ROOM AND BOARDOriginal medium: Newspaper comics
Distributed by: King Features Syndicate
First Appeared: 1936
Creator: Gene Ahern
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In many ways, King Features Syndicate has long been the leader among comics distributors. One way it got to that position was by commissioning its own versions of other syndicates' most popular features. Just by way of
example, The Chicago Tribune Syndicate's Little Orphan Annie (1925) was followed by King's Little Annie Rooney (1927); and King's Red Barry was a response to the Trib's Dick Tracy. When Newspaper Enterprise Association (Captain Easy, The Born Loser) had such a success with Our Boarding House, King went a step beyond mere imitation. It hired the creator himself, cartoonist Gene Ahern (The Nut Bros.), to write and draw its knock-off, Room and Board.
Our Boarding House started with an ensemble cast, the denizens of Martha Hoople's boarding house, but quickly fielded a dominant star — Martha's husband, Major Amos Hoople, an entertaining blowhard not entirely unlike animation's earlier Col. Heeza Liar or TV's later Commander McBragg. Since he already knew where it was going, Ahern was able to have Judge Puffle, as exact a Hoople clone as Wonder Man was of Superman, in place from the beginning. Also cloned was Our Boarding House's format, a single panel daily, with a multi-panel Sunday page.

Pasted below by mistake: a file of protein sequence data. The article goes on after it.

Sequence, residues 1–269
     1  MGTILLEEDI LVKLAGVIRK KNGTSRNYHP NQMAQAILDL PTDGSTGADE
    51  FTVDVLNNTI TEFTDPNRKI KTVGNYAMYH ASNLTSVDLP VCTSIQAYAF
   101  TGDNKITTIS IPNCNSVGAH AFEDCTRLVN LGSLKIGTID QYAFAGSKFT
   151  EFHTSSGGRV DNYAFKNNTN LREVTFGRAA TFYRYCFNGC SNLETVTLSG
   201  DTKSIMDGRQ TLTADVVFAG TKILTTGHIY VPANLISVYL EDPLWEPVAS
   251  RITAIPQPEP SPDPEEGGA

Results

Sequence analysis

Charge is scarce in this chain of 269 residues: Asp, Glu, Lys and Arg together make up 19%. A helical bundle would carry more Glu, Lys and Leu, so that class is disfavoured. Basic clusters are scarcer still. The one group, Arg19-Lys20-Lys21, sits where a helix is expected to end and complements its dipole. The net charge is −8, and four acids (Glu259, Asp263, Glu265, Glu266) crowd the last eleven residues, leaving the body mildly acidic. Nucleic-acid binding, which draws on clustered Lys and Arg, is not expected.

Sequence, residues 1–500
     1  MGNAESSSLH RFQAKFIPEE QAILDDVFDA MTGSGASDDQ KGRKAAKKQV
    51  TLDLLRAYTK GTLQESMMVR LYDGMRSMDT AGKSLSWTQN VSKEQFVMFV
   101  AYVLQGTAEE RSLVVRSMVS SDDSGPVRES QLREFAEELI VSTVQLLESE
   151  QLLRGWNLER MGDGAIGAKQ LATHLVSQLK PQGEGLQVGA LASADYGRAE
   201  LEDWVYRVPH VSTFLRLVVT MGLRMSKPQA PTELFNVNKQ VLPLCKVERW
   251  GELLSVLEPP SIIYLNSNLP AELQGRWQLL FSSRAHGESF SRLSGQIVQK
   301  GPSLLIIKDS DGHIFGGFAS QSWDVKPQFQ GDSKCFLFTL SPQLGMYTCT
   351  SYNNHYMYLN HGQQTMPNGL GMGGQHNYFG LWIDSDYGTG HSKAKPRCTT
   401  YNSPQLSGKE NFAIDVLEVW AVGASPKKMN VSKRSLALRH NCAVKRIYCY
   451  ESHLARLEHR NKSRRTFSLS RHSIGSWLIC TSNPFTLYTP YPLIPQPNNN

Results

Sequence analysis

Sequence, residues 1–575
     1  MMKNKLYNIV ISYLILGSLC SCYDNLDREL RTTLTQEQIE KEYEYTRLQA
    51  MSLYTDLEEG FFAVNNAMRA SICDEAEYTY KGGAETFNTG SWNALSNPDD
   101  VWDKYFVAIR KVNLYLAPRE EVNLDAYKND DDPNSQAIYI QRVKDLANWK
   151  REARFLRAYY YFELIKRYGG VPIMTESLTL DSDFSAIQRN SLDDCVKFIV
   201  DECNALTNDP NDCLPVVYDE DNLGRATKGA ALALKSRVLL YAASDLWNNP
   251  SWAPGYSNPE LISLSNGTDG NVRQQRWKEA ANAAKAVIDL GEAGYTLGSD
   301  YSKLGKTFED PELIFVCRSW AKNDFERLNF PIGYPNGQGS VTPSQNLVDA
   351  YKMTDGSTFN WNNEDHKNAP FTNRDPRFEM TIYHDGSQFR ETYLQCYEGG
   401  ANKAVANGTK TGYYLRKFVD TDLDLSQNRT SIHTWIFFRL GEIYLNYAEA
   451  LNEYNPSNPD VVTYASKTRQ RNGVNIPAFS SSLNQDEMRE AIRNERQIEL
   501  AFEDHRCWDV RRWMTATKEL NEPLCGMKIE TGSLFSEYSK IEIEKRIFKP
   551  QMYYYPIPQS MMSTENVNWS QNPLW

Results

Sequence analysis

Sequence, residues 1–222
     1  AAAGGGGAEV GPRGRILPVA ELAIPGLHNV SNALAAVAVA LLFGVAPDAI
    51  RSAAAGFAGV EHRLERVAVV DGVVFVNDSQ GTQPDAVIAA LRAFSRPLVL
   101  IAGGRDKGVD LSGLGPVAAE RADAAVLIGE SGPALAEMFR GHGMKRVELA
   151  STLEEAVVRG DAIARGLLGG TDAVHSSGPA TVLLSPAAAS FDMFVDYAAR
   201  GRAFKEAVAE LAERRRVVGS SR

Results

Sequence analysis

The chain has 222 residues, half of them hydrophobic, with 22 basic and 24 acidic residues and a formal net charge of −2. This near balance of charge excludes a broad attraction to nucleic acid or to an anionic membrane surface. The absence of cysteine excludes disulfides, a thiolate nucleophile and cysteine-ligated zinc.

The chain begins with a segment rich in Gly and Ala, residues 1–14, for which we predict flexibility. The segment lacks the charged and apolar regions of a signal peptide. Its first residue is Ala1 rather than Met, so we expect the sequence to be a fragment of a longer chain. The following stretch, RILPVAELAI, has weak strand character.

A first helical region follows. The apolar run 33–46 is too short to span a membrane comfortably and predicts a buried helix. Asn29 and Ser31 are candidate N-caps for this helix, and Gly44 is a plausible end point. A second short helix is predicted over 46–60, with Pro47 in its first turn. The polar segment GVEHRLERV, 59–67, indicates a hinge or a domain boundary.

The Sunday, by the way, boasted a topper that, in at least one way, is better remembered than the main comic. The Squirrel Cage is where the enigmatically familiar phrase "Nov shmoz ka pop?" came from.
Visually, the main difference between Major Hoople and Judge Puffle was that Puffle wore a beret in contrast to Hoople's fez. Also, Puffle's moustache looked different. Character-wise, there was little or no difference at all. The house's other residents corresponded to Martha's boarders, but Puffle, like Hoople, dominated.
The title Room and Board was taken from that of a failed strip distributed by King subsidiary Central Press Association (Brick Bradford), which ran from 1928-31. "The" Room and Board came along in 1936, when Our Boarding House was at the height of its popularity. Nonetheless, Ahern's second dip at the rooming house well achieved neither the name recognition nor the circulation of the first. It had no movies or radio shows, only a few reprints in Dell Comics anthologies. It ended in 1953, and Ahern retired.